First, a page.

Horimono: on the omote and ura there are bo-hi carved through the nakago. 



  I will now talk about the last of the Juyo Bijutsuhin works we have here today. This tanto was classified as Juyo Token on May 28 in Showa 24 (1949), and this is an Oei 12 nen dated Uda Kunifusa tanto.

 The Uda school was prosperous in the Koto period in Etchu, and among the school’s smiths, Kunifusa is considered to have been the most skillful smith. The Uda school has four Juyo Bijutsuhin works, and all of them are by Kunifusa. From this, you can see the degree of  excellence found in Kunifusa’s work.

 This tanto is excellent work, even among Kunifusa’s work, and we can see that he learned a lot from Rai Kumitsu and Rai Kunitsugu’s masterpieces, and incorporated this information into his sword making efforts. In voting, instead of Kunifusa’s name, we sometimes see votes for Rai Kunimitsu, and this is evidence of Kunifusa’s high level of skill.

 At a glance, the shape suggests that this is work from the end of the Kamakura period to the early Nambokucho period. Also from the refined forging work, we would like to look at this as Rai Kunimitsu’s work. But looking closely at this tanto, we can see that although there is refined forging work, there is no sign of a Rai characteristic hada or bo-utsuri.

 Even the hamon is a Rai style hamon at first glance, but the hamon edge has some nie kuzuri, and this style of hamon is not seen in Rai school work, and the boshi’s long return is different. However, the bright round ha-nie in the hamon and boshi are the Uda school’s charcteristec points and this is a major feature in judging this tanto as Uda school work. Among the Uda school smiths, the smith who was good at producing a bright and clear jiba (jigane and hamon) is Kunifusa. From these technical details, we can say that Kunifusa is an appropriate attribution for this tanto.

 This could be a somewhat difficult work to judge. But, if you can appreciate Kunifusa’s skillful techniques, his approach to Rai school work, and his jiba, we would be satisfied. 




Shijo Kantei To Number 783 in the April, 2022 issue


 The answer for the Number 783 Shijo Kantei To is a tanto by the Shodai Tadayoshi with horimono by Munenaga.


  The forging for this tanto is a tight ko-itame, there are abundant ji-nie and chikei. The hamon is based on ko-notare mixed with ko-gunome, and the valleys in the hamon have clumps of nie, and from these details, you can judge this as a Hizen To.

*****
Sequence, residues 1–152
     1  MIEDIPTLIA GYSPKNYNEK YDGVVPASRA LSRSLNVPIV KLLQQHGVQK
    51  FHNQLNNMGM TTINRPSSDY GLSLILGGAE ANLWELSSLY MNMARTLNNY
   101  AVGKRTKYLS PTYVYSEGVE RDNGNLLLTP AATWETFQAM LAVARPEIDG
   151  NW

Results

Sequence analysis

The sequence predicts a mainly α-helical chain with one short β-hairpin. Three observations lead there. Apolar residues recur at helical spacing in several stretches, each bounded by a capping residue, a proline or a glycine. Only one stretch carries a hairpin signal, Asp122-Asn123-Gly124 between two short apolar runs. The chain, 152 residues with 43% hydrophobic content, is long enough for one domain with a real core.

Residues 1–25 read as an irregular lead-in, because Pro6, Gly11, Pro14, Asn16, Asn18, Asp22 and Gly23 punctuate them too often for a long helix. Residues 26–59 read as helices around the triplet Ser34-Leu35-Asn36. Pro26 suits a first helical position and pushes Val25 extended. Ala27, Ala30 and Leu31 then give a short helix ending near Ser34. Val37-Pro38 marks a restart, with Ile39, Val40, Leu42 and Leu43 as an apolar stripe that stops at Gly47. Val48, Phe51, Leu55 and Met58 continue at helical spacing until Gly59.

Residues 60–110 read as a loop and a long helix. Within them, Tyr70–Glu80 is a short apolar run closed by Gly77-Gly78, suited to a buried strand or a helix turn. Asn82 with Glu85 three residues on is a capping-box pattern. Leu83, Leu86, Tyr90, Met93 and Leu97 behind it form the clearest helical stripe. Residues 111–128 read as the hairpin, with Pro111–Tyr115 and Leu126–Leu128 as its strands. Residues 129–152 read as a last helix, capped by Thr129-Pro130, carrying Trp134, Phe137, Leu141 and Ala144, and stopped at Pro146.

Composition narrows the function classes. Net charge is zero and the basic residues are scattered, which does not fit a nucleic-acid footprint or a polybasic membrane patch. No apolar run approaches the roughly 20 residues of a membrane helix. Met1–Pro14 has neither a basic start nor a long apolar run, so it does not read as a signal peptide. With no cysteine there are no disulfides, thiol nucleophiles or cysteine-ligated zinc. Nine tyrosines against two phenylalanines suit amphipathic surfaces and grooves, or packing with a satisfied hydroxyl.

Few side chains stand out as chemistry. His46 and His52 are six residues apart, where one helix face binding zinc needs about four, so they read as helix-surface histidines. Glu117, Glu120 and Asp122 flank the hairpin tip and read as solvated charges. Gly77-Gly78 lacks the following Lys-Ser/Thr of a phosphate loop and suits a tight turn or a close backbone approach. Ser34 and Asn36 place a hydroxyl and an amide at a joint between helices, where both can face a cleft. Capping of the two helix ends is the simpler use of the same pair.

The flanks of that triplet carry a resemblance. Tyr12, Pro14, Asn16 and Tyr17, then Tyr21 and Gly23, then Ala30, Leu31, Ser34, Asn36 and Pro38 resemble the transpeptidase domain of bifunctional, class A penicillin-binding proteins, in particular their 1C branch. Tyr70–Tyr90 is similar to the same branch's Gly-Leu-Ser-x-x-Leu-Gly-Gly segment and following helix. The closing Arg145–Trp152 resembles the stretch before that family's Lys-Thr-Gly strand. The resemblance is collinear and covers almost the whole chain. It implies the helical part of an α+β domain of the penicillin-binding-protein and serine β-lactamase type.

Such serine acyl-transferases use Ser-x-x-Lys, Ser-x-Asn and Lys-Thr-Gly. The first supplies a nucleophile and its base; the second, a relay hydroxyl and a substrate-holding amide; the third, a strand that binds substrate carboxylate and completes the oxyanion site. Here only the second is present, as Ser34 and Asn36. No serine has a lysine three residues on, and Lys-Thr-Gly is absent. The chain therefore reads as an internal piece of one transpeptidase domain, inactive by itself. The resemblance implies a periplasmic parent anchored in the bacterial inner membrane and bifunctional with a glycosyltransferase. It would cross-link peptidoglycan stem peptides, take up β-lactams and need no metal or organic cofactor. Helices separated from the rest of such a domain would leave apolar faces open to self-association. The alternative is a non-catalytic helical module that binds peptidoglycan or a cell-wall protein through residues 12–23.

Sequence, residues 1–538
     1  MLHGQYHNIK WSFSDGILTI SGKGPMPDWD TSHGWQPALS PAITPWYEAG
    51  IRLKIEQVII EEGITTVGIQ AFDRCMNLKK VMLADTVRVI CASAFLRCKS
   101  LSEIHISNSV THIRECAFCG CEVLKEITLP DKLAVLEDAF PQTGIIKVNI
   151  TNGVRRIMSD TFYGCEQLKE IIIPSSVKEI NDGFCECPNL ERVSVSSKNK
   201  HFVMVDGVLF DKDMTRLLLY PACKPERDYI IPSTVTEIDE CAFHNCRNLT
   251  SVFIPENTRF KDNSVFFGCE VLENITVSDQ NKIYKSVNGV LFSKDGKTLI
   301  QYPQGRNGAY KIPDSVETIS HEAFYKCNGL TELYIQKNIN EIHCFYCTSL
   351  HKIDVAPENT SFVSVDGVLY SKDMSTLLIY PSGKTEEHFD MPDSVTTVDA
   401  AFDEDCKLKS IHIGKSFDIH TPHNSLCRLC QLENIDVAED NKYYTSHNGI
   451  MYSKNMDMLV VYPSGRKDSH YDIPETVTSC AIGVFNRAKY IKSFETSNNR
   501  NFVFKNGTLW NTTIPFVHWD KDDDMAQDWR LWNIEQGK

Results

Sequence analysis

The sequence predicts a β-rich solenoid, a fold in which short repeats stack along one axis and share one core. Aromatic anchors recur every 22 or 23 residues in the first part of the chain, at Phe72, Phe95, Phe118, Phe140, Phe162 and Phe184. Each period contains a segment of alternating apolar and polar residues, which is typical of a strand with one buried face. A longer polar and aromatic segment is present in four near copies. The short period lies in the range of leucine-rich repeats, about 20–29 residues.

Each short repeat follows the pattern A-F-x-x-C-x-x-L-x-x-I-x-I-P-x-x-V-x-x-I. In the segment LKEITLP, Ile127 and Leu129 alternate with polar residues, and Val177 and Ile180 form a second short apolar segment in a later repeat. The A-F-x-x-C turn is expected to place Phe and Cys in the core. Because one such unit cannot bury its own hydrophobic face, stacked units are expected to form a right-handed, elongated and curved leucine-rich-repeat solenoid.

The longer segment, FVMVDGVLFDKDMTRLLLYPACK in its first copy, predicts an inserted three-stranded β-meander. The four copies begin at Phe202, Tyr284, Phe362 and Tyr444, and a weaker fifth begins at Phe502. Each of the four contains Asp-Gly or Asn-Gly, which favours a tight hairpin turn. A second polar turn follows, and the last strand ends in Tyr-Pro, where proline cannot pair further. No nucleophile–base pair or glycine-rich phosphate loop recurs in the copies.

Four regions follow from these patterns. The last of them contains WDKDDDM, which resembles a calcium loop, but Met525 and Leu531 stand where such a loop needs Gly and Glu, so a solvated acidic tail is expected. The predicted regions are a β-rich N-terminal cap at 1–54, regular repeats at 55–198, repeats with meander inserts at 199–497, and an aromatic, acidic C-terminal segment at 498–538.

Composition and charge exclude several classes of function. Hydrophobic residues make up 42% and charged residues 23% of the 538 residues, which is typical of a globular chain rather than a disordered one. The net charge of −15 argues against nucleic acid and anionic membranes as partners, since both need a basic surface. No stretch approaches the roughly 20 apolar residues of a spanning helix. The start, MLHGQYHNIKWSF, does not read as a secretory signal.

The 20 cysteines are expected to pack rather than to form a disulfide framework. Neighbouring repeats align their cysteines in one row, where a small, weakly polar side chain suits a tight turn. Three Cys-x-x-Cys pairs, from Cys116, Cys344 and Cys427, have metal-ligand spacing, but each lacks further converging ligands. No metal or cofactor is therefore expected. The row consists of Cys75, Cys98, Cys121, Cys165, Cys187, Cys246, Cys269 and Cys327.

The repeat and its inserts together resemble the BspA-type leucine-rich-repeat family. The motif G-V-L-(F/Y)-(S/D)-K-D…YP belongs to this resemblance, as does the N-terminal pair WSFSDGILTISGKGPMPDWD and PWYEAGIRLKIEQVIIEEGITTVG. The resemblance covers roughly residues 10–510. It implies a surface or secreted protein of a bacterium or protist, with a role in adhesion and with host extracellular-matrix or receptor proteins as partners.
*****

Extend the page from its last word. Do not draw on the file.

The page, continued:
Also, the hada is not visible, the forging is refined, and the color of the ji is not dark. From these details, we can see that this is not branch Hizen work, but is mainstream Hizen work. 

 Among the mainstream Hizen smiths, the third generation Tadayoshi has almost no tanto work.

 This blade has horimono, and on the omote’s fudo-myoo relief carved in a hitsu (frame) there are obvious Umetada-bori (carving) characteristics.

 The Umetada school has a relatively large number of fudo horimono, and the most skillful horimono carver was Myoju who learned most of his techniques from Munenaga.

 When Myoju and Munenaga carved fudo myo-o, they usually carved inside of a frame, and many of these horimono have bonji above the fudo horimono and inside of the frame.

 During the Shodai Tadayoshi’s Tadayoshi signature period, his horimono were made by Munenaga. During the Shodai’s Musashi daijo Tadahiro period and the Nidai Tadahiro period, the horimono artist was Yoshinaga. Yoshinaga did not carve inside of a frame, but directly on the blade surface.

 The Umetada school’s fudo composition has some characteristic points. The fudo’s face, eyes, and eyebrows are lifted up, only the right elbow is extended to the side, and above the fudo, the flame extends up from the left side.

 The jiba (jigane and hamon) appearance, Munenaga’s horimono, the fact that the nakakago tip is kurijiri, and that the yasurime are a shallow katte-sagari, mean that you can judge this as a Shodai Tadayoshi work.

 For another acceptable answer, a few people voted for Myoju. Since Myoju has many ko-notare style hamon, and has Umetada-style hori, that is understandable. But Myoju’s notare hamon often have a  tighter nioiguchi, we do not see clumped nie in the hamon valleys, and the nakago tip is iriyamagata.       

Explanation by Hinohara Dai